On the other hand, Marr also sees a huge democratization of data. The gaps between those who manage data and those who use it are collapsing. He cites as an example the retail giant Walmart, which has introduced cafe facilities where employees who do not necessarily have strong IT skills – but who have data challenges – can sit down with data scientists and come up with solutions to problems.

“Upgrading your skills and knowledge has never been easier than now,” he concludes.

Create a digitally competent workforce

Set goals: learn where the training gaps in your organization lie through dialogue with managers and team members. Emphasize the benefits that technical education will bring to individuals, such as how it will help with their current role and future career opportunities.

Use online tools: use online learning and self-study materials that allow people to learn at their own pace. For some people, learning may be a better way to absorb technical information.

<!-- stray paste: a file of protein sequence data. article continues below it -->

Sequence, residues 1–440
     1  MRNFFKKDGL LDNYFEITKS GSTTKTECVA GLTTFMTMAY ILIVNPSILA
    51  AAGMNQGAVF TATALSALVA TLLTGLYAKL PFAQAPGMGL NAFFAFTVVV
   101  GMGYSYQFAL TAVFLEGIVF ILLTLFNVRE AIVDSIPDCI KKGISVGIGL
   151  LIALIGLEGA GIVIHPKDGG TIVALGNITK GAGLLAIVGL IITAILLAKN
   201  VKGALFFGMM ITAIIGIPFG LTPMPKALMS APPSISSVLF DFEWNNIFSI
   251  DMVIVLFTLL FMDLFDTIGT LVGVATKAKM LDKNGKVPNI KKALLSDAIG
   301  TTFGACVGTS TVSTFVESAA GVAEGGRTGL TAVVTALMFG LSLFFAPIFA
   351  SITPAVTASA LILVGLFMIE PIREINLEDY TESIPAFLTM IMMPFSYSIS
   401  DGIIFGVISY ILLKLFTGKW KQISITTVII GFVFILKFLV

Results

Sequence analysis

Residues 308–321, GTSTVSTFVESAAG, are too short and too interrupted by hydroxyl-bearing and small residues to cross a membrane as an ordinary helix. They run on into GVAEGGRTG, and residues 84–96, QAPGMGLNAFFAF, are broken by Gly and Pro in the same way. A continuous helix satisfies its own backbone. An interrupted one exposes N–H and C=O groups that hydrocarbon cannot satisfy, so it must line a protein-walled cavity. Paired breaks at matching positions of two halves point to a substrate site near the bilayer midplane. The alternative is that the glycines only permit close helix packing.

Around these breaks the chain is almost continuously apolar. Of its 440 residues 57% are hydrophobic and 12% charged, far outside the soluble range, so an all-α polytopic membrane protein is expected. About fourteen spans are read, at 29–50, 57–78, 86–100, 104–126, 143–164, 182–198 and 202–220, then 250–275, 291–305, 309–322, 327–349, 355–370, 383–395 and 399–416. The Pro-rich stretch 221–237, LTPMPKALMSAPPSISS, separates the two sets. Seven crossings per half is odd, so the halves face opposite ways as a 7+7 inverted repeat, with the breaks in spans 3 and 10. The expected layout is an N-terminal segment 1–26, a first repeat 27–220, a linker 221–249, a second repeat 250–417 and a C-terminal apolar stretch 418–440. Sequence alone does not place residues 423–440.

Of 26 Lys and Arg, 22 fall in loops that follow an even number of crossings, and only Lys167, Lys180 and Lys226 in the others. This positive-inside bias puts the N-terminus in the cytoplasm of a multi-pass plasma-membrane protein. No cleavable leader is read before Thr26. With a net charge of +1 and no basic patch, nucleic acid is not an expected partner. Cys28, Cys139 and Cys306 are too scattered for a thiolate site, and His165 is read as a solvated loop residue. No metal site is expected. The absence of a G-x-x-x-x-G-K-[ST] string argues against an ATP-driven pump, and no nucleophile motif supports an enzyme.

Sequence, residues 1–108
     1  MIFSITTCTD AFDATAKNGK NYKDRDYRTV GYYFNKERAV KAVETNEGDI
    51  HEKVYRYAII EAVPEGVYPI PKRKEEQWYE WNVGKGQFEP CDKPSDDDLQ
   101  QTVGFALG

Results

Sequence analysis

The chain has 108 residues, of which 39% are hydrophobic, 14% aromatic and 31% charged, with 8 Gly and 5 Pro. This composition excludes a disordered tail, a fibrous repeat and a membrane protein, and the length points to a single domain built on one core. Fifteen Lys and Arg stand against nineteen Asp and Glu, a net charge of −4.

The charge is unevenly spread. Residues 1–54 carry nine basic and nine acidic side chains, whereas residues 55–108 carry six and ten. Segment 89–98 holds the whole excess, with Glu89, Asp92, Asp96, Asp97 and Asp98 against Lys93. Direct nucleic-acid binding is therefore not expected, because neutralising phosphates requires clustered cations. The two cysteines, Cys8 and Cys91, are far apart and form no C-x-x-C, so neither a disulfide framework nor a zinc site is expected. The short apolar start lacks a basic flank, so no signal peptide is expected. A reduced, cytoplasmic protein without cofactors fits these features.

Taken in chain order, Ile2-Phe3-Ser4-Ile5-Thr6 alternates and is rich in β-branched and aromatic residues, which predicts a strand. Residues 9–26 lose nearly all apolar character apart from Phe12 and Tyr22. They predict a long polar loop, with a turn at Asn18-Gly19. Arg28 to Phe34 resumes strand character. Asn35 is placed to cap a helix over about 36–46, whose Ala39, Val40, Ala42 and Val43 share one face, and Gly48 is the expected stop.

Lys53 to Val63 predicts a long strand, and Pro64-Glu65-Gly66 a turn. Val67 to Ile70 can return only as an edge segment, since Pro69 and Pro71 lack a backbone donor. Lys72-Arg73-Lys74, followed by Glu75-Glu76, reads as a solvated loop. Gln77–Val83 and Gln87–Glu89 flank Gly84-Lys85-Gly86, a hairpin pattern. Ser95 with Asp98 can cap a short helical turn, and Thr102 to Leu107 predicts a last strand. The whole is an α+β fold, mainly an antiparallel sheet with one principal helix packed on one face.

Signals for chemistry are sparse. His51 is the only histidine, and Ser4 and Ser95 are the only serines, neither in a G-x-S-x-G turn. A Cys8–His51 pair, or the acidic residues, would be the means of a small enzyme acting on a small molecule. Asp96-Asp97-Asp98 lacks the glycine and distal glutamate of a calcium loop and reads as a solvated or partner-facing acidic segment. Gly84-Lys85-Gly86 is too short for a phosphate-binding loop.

Gamify learning: makes learning more fun and motivating by using strategies such as points, levels and leaderboards.

Augmented reality: consider whether augmented reality and virtual reality can help bring your tech skills to life. Energy giant BP, for example, has used VR to train refinery workers in emergency procedures.

Culture: Build a culture of curiosity and active learning where learning new things is seen as an opportunity and not a burden.

Future Skills — the 20 Skills and Competencies Everyone Needs to Succeed in a Digital World, by Bernard Marr, published by Wiley